The illustration shows some kind of nightclub or party with a dreadlocked DJ spinning records on his decks and funny-looking people dancing. You can see (but you have to look pretty carefully – it’s not obvious at first glance) punctuation symbols coming out of the speakers and sort of flying out of the turntables where the DJ is spinning what I assume is some kind of awesome bass-heavy dancehall reggae or maybe drum and bass. It’s cool – and a different way to do a book about punctuation, but I reckon some people won’t really get it.
In my experience, people expect a more serious and academic feel from this kind of thing. I remember once we had a publisher visit The London School of English to get feedback on some new dictionary designs. He had dictionaries from different publishers and asked us which ones we liked and which ones we thought learners of English would like.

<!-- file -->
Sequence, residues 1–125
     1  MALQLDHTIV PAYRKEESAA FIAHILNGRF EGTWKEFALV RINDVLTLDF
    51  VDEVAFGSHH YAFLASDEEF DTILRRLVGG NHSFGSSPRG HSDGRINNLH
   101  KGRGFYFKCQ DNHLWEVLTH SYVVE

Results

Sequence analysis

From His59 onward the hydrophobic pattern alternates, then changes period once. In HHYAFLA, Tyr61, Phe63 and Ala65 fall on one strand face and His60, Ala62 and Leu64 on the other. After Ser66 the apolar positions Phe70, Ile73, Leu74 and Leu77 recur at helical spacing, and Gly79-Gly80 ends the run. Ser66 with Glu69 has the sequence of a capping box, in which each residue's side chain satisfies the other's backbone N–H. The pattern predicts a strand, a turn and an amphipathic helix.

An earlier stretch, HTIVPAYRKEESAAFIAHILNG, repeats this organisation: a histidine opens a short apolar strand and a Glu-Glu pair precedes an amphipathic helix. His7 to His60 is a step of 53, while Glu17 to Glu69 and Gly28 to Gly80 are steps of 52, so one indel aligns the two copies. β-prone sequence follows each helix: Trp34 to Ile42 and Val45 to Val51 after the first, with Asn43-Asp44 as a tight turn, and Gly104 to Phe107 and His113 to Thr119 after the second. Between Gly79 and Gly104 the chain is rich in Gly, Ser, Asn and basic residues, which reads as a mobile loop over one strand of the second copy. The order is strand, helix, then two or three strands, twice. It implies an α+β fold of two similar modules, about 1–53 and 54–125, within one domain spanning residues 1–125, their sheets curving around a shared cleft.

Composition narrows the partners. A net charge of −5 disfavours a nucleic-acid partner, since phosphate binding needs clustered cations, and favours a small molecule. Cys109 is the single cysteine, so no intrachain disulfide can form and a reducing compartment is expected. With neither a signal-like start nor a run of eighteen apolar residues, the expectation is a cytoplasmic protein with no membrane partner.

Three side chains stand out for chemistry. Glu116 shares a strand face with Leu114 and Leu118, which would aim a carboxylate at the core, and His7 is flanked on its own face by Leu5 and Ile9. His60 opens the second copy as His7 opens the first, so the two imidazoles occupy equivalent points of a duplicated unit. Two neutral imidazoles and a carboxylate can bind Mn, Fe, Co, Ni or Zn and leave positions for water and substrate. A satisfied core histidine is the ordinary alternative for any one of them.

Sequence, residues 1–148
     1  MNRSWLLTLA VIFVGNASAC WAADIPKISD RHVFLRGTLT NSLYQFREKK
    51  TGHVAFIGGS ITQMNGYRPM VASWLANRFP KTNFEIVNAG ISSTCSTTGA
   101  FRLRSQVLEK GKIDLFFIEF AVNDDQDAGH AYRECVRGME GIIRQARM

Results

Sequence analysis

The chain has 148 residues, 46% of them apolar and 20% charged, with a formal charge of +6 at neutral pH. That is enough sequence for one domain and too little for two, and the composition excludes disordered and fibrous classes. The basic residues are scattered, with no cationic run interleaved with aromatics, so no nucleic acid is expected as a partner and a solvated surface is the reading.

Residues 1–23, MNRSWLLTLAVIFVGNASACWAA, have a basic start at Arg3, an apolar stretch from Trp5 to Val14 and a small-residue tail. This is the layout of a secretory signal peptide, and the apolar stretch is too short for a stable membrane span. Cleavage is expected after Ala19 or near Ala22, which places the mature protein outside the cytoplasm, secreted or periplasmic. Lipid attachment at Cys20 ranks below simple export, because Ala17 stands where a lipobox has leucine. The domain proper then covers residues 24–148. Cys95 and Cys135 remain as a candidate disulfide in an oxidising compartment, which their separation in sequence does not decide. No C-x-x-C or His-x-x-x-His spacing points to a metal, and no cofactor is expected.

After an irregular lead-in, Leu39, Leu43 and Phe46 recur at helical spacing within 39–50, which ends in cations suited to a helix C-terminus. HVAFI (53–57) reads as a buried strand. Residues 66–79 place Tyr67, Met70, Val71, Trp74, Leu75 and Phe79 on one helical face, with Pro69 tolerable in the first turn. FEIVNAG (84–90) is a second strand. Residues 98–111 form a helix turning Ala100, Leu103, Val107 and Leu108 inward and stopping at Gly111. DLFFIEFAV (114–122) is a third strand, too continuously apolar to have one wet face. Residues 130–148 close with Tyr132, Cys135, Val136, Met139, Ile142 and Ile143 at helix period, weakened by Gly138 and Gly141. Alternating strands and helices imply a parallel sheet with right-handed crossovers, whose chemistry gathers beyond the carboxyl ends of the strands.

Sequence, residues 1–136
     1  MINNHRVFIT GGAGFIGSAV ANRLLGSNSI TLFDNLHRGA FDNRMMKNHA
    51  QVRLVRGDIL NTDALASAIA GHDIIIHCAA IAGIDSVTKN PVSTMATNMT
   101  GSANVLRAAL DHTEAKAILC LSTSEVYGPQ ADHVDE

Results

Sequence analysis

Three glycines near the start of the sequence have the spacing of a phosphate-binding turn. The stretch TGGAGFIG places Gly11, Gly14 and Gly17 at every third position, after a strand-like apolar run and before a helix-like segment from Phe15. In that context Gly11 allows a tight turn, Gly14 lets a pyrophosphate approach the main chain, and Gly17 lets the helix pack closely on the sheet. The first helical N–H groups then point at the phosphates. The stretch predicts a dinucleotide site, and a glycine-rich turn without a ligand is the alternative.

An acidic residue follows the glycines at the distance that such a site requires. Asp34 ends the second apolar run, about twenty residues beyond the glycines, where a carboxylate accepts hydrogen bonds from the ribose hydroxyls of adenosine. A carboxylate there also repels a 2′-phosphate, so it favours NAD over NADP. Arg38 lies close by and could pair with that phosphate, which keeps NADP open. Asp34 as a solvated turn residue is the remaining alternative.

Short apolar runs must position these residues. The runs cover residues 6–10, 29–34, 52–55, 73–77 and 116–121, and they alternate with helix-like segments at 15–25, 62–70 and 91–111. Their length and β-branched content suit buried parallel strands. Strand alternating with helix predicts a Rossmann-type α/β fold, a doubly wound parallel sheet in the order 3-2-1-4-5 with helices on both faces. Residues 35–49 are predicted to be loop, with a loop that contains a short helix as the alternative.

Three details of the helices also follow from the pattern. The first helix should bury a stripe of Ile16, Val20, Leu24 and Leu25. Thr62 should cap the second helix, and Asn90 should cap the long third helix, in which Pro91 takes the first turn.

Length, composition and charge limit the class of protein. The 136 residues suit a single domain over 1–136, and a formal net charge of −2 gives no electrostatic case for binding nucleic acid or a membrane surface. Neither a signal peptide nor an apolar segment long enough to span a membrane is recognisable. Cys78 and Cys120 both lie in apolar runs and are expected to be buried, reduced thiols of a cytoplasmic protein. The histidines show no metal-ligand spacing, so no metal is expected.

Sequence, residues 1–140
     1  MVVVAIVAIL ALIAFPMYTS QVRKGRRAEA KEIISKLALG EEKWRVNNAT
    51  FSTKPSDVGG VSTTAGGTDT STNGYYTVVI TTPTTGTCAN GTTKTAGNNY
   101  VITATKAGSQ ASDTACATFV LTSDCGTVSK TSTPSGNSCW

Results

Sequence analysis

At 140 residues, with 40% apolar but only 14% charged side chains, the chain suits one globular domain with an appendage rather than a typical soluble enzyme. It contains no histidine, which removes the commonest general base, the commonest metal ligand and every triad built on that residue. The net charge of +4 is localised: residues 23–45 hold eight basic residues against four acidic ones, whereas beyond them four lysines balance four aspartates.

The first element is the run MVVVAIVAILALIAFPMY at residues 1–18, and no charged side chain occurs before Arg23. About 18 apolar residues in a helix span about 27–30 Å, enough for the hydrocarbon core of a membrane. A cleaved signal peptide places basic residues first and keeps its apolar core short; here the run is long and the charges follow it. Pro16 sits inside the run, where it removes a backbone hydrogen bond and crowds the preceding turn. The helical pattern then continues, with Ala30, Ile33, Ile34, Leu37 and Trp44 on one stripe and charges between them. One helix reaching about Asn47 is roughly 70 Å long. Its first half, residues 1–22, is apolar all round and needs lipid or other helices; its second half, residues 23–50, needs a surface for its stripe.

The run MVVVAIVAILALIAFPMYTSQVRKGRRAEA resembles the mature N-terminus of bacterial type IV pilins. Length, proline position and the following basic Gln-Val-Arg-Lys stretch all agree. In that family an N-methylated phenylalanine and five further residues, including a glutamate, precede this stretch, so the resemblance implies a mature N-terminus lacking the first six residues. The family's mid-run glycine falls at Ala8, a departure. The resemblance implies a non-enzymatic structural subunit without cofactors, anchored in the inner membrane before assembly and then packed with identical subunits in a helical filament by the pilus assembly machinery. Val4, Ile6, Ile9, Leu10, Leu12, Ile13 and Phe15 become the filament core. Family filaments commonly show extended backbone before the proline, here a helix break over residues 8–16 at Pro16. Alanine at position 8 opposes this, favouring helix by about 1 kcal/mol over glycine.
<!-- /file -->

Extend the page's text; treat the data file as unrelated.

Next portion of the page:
We all liked the fresh-looking, minimal, modern-looking dictionaries, but he told us that the most popular ones with learners of English were the ones with slightly old-fashioned designs, older looking fonts (I mean classical-looking fonts – I don’t know all the correct words for fonts – I think serif fonts probably). Basically, learners felt like they trusted dictionaries that looked older, more formal, more established, more old-fashioned, with words like Oxford and perhaps even symbols featuring old buildings and things on them. Also, darker colours were more popular. That’s all probably because those designs made the dictionaries look more serious and full of trustworthy information published by well-established institutions.
So, this book might not give the right impression, but on the whole I think the content is mostly good and it certainly can tell you what you need to know about punctuation.
OK, let’s have a look at the contents page of the book. Some of you at this point will be craving a video for this. Maybe I’ll record one, just to show you the front and back, but it depends if I have time! We’ll see. I think you can just use your imagination though and just follow what I’m saying.